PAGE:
This interactive map, part of a series of visualizations of early twentieth-century geographic data for the American theater, shows the locations of venues primarily catering to Black audiences.
Some of these theaters formed part of the Theatre Owners Booking Association (T.O.B.A.) circuit. But the list includes far more than only T.O.B.A. theaters.
The data derives from three interrelated sources:
CH and NY both cite BB as a source. BB has the fewest listed theaters; CH the most. Some theaters in CH are not in NY, and vice versa.
The data contains many gaps and, presumably, many errors, some of which are obvious (theaters listed twice, for instance). I have made judgment calls throughout, based on triangulating the three sources and some spot-checking of other readily available archives. All three texts note that the data they have gathered is incomplete at best.
BB and CH include this explanatory preface (with significant CH modifications indicated in brackets):
The following lists have been compiled within the past six months from information obtained in many ways. Since there has been no previous effort to list either attractions or houses the task has been rather difficult. The Page [Guide] is greatly indebted to M. C. Maxwell, former manager of the Liberty Theater, Alexandria, La.; to the T. O. B. A.; to the Comet Film Exchange of Philadelphia and to the Micheaux Pictures Corporation [and to Jackson of the Billboard] for their kindly co-operation in collecting the necessary information.
We make no pretense that the lists are complete, nor do we assure absolute freedom from inaccuracies. We do, however, present these results of paintstaking effort with a view of serving the profession as much as is possible with the information at hand, and with the object of encouraging additions and corrections that will make possible a complete and accurate tabulation of the theatrical interests of the group.
We ask in advance for your indulgence and apologize for such unintentional errors as may appear, and at the same time solicit your assistance in making the next listing more complete.
Owners, managers and artists alike will be performing a distinct service to themselves by filing addresses and descriptions of their interests with The Billboard [Julius Cahn-Gus Hill Theatrical Guide and Moving Picture Directory], thus enabling us to properly answer the many professional inquiries that come to us in your interest.
List of theaters dependent upon colored patronage, either owned by or operated for teh race, with Negro population of cities where 1920 census reports were available, character of ownership and type of house, so far as has been ascertained:
Key—W means white; O means ownership; C means colored; M means management; V means plays vaudeville or road shows; E means equipped for shows but operated at present with pictures only; P means pictures only; D means drama.
Census data appears in all three sources, but most completely and most accurately in NY. Census numbers may differ slightly from those reported in the 1920 census, but I have only made corrections (and referred to the original source) where a significant difference appeared among the three lists.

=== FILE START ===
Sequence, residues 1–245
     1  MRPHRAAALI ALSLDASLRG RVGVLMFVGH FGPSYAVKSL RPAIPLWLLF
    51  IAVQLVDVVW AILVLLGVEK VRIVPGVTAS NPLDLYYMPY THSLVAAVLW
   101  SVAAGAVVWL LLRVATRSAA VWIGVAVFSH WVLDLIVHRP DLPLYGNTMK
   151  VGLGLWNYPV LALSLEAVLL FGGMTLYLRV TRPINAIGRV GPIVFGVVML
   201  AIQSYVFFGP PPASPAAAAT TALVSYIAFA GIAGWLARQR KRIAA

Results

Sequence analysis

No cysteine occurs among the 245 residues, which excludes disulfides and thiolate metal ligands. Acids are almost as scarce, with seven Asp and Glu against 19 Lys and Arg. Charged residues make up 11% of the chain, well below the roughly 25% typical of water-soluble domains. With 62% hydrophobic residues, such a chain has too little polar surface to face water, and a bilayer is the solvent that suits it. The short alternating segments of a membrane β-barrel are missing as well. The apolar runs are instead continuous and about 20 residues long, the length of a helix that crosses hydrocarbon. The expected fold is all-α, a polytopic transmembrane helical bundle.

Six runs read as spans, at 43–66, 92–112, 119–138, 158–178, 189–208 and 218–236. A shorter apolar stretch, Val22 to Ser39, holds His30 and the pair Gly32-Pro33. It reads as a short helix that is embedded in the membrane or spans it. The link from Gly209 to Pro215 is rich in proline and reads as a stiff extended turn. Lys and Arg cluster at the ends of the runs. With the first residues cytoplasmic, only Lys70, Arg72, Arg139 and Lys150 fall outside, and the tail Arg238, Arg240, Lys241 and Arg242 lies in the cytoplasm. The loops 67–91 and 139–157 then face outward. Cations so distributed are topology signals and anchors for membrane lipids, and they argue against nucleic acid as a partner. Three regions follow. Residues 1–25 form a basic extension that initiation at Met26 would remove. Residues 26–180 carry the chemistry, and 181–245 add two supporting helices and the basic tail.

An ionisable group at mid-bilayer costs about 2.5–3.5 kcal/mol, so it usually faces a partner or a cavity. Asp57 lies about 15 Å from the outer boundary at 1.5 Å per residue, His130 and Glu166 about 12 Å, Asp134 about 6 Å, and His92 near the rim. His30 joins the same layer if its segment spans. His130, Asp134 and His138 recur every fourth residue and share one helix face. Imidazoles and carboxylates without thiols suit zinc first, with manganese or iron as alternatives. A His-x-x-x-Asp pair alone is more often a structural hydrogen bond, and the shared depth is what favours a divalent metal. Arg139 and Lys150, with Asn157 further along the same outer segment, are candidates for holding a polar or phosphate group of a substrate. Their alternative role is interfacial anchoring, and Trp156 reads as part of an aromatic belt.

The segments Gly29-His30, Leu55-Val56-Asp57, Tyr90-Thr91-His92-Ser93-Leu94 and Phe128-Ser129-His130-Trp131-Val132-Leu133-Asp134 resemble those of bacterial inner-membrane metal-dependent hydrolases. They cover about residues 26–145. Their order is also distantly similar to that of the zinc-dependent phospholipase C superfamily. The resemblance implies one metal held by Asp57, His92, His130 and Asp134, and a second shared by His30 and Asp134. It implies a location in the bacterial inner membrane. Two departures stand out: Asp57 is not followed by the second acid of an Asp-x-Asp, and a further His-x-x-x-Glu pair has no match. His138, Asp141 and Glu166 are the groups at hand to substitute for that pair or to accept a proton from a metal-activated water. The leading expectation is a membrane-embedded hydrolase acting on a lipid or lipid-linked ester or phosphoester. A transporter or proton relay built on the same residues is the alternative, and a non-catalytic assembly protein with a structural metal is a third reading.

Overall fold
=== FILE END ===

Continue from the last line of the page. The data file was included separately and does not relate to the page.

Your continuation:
A version of these theater lists appeared in Henry T. Sampson, Blacks in Blackface: A Sourcebook on Early Black Musical Shows (Scarecrow Press, 1980; 2nd ed., 2014). The list is Table 6 in the first edition; Appendix D in the second. I have not added theaters from Sampson’s list that did not appear in my original sources, because Sampson’s dates range from 1910 to 1930. However, Sampson’s volume also includes a list of theaters that were original members of the T.O.B.A. circuit (Table 2 and Appendix B). I have relied on his T.O.B.A. data here.
These tables summarize theater types and ownership information. I have shown data as described in each of the three sources. The final rows of “Unique Listings” indicate not the sum of the three sources, but the results for all theaters that appear in any of the sources.
|Source||Pictures||Vaudeville or Drama||Pictures, but Equipped for Legit||Unknown||Total|
This project aims to make these data more readily available for other researchers, including those who have already published on Black performance in the early 20th century. Relevant work (some of which I have consulted) that may help further contextualize this data includes:
These theater lists include one particularly poignant entry: the Dreamland theater, listed as a vaudeville house in Tulsa, Oklahoma. The theater was owned by Mrs. L. T. Williams, wife of John and mother of Bill. The family was among the wealthiest in Tulsa and owned “a garage, confectionary, boarding house,” and at least two other Dreamlands in Muskogee and Okmulgee. (See “The Untold Story of One of America’s Worst Race Riots,” The Washington Post, September 12, 1982.) Like so many Black businesses, the Tulsa Dreamland was destroyed in the massacre of May 31 and June 1, 1921.
Both BB and NY, the former published mere months after the violence, include an asterisk next to the theater’s listing, referring the reader to a simple, mournful note: “Theater destroyed during riot and population greatly diminished.” CH retained the asterisk—but not the note.
A website developed by I. Marc Carlson, Librarian of Special Collections at the McFarlin Library, University of Tulsa, includes three images of the theater, two before, one after the massacre.
All three original sources use the then-contemporary language of “colored” and “Negro” to describe theater owners. In transcribing information about ownership, I have used instead the contemporary term “Black.”